President Joe Biden on Thursday, October 6, announced the first federal action towards cannabis policy reform in the United States. President Biden also shared a series of tweets in an official White House Statement, outlining three actions to begin the process of reforming the country’s “failed approach to marijuana”. Thousands of Americans with records for marijuana possession were surprised to see this change in policy. While the plant is legal in many states this review of how marijuana arrests harm individuals comes as a surprise for legalization advocates, since the White House repeatedly stated that the President’s stance on prohibition had not changed. Biden announced this development just a month before the midterm elections. Many rejoiced after years of being convicted at disproportionate rates, while others thought it was just a smoke-screen.
The first executive order to relieve legal consequences for all federal prisoners convicted of simple possession of cannabis. The White House estimates that approximately 6,500 people with federal possession convictions will be eligible for the pardon, as well a few thousand more whose convictions took place in Washington, DC.
Today President @JoeBiden announced that he will pardon thousands of people with federal convictions for simple possession of cannabis. Furthermore, he's "calling on governors" to pardon state-level convictions. A number of states have already taken this initiative, but too many have not.
Lastly, Biden says that he will direct the A.G. and Secretary of the Dept. of Health and Human Services to review the classification of marijuana at the federal level. Its status as a Schedule I substance has held since 1970.
Many are chiming in after the move. @natlnorml leaders were cautiously optimistic.
The second executive action the President is implementing is urging governors across the nation to follow his lead and relieve the same low-level possession convictions as well. Of the approximately 40,000 people incarcerated for petty cannabis crimes, the vast majority occured at the state level. As mentioned, the federal pardon impacts about 6,500, so around 34,000 will continue to sit in jail until more governors begin issuing mass pardons like Biden.
Unfortunately in red states, these pardons aren’t likely to occur any time soon. Members of Congress and State Officials took to Twitter to share their thoughts on Biden’s actions, you can read all those responses here.
Governors in states including Colorado, Nevada, Pennsylvania, Connecticut, and Illinois, praised Biden’s executive action, noting the reform that they had already passed in their own respective states in the past few years that pardoned low-level cannabis crimes.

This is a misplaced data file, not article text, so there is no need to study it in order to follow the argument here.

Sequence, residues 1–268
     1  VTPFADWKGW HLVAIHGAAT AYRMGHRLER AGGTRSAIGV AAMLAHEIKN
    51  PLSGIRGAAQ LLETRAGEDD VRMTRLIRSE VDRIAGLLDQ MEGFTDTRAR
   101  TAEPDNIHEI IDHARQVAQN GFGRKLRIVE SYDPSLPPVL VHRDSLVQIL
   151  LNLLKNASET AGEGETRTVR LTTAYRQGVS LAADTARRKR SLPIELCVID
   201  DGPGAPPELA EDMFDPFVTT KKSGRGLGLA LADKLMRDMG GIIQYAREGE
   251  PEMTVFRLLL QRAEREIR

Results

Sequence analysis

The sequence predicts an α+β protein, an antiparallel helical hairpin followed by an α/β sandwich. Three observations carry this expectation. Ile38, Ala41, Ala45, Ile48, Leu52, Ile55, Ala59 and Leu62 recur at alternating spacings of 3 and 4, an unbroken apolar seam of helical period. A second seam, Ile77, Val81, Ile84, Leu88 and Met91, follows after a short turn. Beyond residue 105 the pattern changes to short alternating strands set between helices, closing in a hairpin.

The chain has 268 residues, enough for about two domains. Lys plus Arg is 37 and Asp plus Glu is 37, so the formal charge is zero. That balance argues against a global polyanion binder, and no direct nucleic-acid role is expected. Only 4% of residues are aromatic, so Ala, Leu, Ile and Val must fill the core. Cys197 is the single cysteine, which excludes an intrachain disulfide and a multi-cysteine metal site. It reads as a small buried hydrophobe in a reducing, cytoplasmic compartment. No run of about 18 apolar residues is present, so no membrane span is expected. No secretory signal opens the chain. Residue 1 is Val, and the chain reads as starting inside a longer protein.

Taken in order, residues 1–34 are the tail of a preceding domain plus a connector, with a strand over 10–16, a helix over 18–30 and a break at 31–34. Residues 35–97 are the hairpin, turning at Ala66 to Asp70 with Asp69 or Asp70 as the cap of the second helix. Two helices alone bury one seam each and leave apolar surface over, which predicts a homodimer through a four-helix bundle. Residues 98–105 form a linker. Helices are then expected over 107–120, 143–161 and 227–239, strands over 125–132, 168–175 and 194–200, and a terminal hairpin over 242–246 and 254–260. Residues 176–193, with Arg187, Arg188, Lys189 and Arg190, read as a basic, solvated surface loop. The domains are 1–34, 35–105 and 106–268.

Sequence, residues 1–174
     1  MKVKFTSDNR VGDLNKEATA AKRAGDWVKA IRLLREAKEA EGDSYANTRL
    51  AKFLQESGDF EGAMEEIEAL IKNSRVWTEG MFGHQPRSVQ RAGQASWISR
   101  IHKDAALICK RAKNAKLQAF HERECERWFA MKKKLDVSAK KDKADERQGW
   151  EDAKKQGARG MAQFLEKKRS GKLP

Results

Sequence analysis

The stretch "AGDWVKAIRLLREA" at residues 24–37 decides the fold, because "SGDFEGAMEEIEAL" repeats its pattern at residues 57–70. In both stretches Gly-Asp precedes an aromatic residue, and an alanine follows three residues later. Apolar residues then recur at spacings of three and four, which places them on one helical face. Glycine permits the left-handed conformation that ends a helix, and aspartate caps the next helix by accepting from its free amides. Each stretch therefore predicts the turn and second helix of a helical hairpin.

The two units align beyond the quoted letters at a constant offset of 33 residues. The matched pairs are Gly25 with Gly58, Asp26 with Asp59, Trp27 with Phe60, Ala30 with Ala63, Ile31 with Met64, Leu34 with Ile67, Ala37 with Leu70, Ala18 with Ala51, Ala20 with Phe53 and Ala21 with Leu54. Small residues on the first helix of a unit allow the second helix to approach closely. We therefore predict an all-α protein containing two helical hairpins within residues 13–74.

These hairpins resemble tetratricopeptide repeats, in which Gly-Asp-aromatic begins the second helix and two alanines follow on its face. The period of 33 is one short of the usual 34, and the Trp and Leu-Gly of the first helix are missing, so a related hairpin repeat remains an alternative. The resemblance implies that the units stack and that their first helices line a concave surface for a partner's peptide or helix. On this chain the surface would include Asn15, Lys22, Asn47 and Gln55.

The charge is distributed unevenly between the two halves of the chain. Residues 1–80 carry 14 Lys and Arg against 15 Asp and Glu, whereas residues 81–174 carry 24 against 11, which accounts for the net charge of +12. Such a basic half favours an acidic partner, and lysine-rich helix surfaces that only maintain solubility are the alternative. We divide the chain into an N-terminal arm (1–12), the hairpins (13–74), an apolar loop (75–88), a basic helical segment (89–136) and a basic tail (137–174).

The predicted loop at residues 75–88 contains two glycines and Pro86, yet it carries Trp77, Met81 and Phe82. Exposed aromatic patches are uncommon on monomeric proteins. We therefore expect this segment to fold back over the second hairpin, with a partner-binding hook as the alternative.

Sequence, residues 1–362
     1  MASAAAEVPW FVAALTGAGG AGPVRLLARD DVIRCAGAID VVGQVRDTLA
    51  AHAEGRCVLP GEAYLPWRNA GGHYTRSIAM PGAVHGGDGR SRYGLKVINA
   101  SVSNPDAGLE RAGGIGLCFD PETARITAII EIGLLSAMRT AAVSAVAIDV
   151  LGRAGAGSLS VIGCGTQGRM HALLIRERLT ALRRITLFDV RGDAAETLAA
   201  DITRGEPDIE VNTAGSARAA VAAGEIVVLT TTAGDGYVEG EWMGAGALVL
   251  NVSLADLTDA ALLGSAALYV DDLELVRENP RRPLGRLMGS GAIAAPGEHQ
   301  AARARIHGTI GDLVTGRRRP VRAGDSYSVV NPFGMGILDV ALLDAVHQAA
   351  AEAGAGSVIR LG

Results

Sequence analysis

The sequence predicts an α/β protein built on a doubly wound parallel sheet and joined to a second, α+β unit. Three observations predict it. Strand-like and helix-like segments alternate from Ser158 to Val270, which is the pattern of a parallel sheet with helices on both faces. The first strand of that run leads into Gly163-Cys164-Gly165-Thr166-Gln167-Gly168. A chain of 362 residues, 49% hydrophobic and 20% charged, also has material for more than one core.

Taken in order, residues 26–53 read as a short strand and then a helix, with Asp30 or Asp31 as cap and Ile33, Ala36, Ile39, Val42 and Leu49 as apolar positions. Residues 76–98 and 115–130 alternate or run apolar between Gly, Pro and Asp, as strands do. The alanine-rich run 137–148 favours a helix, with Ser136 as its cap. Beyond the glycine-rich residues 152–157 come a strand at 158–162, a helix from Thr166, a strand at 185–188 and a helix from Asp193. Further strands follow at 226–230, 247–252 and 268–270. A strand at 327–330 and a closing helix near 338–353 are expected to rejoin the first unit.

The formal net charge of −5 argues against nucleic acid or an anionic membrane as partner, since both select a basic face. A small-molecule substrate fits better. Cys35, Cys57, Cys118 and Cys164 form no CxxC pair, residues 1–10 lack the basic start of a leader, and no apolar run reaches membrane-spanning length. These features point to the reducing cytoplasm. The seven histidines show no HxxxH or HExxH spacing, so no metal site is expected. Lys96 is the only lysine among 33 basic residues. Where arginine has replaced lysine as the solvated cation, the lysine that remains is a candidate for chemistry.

Some gubernatorial candidates like Charlie Crist pledged support to continue cannabis reform ahead of the November election:
Arkansas Governor Asa Hutchinson criticized aspects of the pardon (although he waited until exactly 4:20 pm to do so):
Local officials in Washington D.C., which legalized marijuana in 2014 but cannot legalize recreational marijuana sales due to the Congressional block on regulating the plant, used Biden’s announcement to shed light on D.C.’s campaign for statehood.
D.C. Mayor Muriel Bowser called for statehood to establish a safe adult-use market in the District.
At the time of this publication, no Governor has committed to answering Biden’s call to issue pardons as well. We expect more updates on this in coming weeks.
The third aspect of Biden’s marijuana reform rollout is his request to the Health and Human Services Secretary and the Attorney General to initiate the process of reviewing how marijuana is scheduled under federal law. Marijuana is currently classified at the same level as heroin – and above fentanyl.
This aspect of Biden’s plan is the most important to the existing state-legal cannabis industry, which experiences operational hardships due to the status of of the plant under the Controlled Substances Act of 1971. For example, cannabis businesses that are operating legally in their state are not able to access banking, or write off basic business expenses which gravely impacts the success of small businesses.
While this unexpected reform is a massive win for weed advocates everywhere, it is just the beginning of a long road ahead towards federal legalization and social equity. While the pardons are a great first step, as noted by Congresswoman Alexandria Ocasio-Cortez the next step will be expungement. Until the convictions can be cleared from people’s records, we can only begin to restore social injustices that prohibition has caused.
Please check back in the coming weeks as we update this article with new developments in national cannabis reform and marijuana laws. And we urge you to PLEASE register to vote before Election Day on Tuesday, November 8th.
You can check every state that has an upcoming ballot measure regarding cannabis legalization here.
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